The Hunger Games Review

Rey Carpio

A majority of us at St. Joseph read The Hunger Games by Suzanne Collins for our Summer Reading in 2010. The Hunger Games was an incredible book and has been finally been created for the big screen. The film made box office history, making $155 million on it’s opening weekend. It’s the third most successful behind Harry Potter & The Deathly Hallows: Part 2 and The Dark Knight. The plot revolves around a futuristic world made up of twelve districts called Panem. A male and female tribute, between the ages of 12 and 18, are sent from each district to a worldwide broadcasted death-match known as the Hunger Games. When a young girl’s name is picked to be entered in District 12, her older sister, Katniss, volunteers to take her place.

The acting in this movie was fantastic. Jennifer Lawrence, an Academy Award Nominee, plays Katniss doing obviously an amazing job. Josh Hutchinson plays Peeta, the boy tribute of District 12, and he was good enough for the part but Jennifer Lawrence is who stands out in every scene. Other well-known stars in this movie are Woody Harrelson and Elizabeth Banks. Woody Harrelson plays Haymitch, a man who won the Hunger Games years ago and is now Katniss and Peeta’s mentor. He does a great job and is everything I thought of Haymitch as when reading The Hunger Games. Elizabeth Banks plays Effie, the woman in charge of making Katniss look pretty and likeable. Effie is extremely enthusiastic about the Hunger Games and Elizabeth Banks does a terrific job playing the role.

The director, Gary Ross, did a fantastic job. He has only directed two other movies prior to The Hunger Games, and deserves the recognition for the success of the film. His other films include Pleasantville and Sea-biscuit. Ross had a way of making the duller portions of the book come alive in the film. Such as when the tributes were interviewed on talk shows while trying to gain sponsors who can help them in the games by sending goods and necessities. Ross made these scenes gorgeous to watch with his directing and I must give a hand to the costume design, makeup and set design as well. Elizabeth Banks’ makeup was so well done and I feel I wouldn’t have recognized her hadn’t I known before seeing the film.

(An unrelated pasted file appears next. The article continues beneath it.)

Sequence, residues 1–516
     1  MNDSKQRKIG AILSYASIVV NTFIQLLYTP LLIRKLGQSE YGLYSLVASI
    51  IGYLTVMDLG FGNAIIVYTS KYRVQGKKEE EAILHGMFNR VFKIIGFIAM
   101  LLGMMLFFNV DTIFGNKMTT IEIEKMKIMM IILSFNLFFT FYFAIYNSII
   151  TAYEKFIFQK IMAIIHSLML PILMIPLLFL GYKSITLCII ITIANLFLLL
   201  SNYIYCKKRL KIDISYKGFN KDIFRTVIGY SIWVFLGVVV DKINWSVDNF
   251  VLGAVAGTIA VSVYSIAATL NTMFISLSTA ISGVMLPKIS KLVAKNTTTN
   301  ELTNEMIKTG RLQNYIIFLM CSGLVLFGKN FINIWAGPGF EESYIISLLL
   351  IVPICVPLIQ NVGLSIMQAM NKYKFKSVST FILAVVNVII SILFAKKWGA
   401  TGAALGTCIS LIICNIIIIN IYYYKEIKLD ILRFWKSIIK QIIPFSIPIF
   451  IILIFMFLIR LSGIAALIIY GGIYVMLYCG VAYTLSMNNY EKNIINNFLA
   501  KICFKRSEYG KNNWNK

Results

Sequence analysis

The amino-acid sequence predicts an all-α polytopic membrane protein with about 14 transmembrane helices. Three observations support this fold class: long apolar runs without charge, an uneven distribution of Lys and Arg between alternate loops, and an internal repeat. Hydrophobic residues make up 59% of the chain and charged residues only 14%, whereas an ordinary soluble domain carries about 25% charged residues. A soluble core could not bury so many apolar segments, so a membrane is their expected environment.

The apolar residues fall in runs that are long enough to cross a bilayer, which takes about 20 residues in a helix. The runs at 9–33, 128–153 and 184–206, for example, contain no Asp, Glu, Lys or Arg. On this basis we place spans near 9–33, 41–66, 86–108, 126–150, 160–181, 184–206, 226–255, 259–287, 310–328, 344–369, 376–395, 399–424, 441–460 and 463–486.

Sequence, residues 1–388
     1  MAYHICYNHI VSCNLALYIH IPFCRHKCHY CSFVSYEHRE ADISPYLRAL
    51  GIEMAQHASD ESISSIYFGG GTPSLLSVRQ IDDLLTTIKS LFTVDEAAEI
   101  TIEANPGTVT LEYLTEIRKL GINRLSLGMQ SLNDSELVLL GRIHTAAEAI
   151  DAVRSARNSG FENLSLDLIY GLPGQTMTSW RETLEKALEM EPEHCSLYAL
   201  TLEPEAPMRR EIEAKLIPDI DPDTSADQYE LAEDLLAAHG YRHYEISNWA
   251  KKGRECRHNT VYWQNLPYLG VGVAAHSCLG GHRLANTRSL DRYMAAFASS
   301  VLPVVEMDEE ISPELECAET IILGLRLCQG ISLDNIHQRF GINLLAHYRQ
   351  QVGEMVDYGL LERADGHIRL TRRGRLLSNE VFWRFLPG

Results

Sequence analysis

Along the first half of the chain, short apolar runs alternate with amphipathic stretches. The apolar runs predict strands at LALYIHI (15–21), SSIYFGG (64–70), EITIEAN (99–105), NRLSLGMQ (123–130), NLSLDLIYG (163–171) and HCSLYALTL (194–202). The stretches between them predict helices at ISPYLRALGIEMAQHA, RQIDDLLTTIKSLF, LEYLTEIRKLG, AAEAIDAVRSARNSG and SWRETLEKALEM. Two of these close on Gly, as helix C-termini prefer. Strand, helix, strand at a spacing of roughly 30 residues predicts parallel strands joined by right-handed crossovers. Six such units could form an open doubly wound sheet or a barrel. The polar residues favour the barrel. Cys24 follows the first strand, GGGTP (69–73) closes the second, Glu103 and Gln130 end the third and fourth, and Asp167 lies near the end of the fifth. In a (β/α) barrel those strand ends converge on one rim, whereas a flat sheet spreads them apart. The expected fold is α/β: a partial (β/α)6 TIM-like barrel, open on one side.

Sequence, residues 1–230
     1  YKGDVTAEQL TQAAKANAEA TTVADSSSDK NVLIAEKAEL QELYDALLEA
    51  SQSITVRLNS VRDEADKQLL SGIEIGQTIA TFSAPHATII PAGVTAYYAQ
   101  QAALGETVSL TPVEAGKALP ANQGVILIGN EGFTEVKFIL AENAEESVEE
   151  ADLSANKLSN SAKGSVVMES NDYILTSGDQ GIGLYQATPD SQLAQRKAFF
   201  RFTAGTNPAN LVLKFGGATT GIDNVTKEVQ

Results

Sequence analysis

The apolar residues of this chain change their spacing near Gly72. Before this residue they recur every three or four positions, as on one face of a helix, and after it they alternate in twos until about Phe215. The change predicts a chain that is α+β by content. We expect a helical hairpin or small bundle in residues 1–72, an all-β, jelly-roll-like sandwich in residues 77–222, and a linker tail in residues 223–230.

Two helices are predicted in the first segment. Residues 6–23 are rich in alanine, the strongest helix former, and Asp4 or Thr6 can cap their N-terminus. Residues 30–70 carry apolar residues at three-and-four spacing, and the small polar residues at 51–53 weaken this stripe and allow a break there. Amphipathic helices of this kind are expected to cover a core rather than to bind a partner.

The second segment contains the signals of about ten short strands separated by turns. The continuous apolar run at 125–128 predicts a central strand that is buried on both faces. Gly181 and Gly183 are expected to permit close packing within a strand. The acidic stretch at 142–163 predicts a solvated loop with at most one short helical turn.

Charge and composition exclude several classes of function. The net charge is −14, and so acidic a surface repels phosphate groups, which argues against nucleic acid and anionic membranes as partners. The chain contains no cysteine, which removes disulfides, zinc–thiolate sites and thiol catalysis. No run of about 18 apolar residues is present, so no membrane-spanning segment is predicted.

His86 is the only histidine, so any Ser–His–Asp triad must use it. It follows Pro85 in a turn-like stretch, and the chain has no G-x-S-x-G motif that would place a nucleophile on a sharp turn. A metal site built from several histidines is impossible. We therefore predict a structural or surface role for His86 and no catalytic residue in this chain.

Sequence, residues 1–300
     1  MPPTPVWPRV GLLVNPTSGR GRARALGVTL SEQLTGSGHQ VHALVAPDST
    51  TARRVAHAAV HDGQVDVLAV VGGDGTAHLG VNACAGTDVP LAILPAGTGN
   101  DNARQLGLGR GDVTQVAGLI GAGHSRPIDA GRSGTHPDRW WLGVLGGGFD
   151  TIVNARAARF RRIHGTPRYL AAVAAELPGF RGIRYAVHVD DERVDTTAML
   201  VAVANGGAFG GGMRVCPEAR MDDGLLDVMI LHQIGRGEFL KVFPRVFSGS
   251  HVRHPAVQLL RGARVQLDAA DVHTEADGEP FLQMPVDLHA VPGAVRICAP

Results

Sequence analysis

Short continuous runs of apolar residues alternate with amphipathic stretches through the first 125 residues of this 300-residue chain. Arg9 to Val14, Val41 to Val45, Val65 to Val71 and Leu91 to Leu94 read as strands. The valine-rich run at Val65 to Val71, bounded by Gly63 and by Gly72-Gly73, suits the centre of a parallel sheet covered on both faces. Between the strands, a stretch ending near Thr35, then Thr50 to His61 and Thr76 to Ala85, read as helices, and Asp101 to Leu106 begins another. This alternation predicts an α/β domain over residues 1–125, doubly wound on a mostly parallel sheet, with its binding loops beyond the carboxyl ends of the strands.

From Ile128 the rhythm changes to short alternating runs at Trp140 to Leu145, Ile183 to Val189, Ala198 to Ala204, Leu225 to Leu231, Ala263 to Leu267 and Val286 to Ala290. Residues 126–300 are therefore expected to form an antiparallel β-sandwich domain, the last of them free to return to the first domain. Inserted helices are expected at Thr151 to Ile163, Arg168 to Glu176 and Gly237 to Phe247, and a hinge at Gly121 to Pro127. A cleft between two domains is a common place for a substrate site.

Once the games get started, there is an amazing amount of violence for a PG-13 film. Although entertaining, at times the Director struggled with trying to create a greatly violent and bloody scene appropriate for PG-13. Being he couldn’t make an R-rated film, the Director used a lot of shaking of the camera in order for the scenes to appear more violent, where at one time I thought it was perfect but at another it felt very sloppy to where I had no idea who was who. But overall I understand why he had to use it and I think the shaky-cam added to the grittiness of the story, although at times it got annoying.

Other problems I had with the film were that it didn’t show much of Katniss’s sister and mother watching the Games. Although Gale, Katniss’s best friend in District 12, had a solid role in the story, I felt he was more important in the book. Another important character Katniss meets in the Games is Rue. In the book, you really like the character but in the movie, you don’t really feel that attachment. I’ve only read the first book so I’m not sure how Gale’s character fits in later, but the movie sets up a love triangle between Katniss, Gale and Peeta which I really didn’t like because it’s been done a million times and can easily cheapen a great film. Speaking of, this film is compared a lot to Twilight because it is based on a book and appeals to teens. Although I’ve never watched them, I have heard horrible things about Twilight Series and in no way can think that The Hunger Games trilogy will be at all like Twilight. This movie is an amazing adaptation of the book. The characters, the locations, the Games, were all how I imagined them to be while reading the book. I will give the Hunger Games 4 out of 5 stars. It’s a great film and is similar to The Girl With the Dragon Tattoo where you like the ending but it clearly wraps up nothing, leaving you wanting to see the next two films.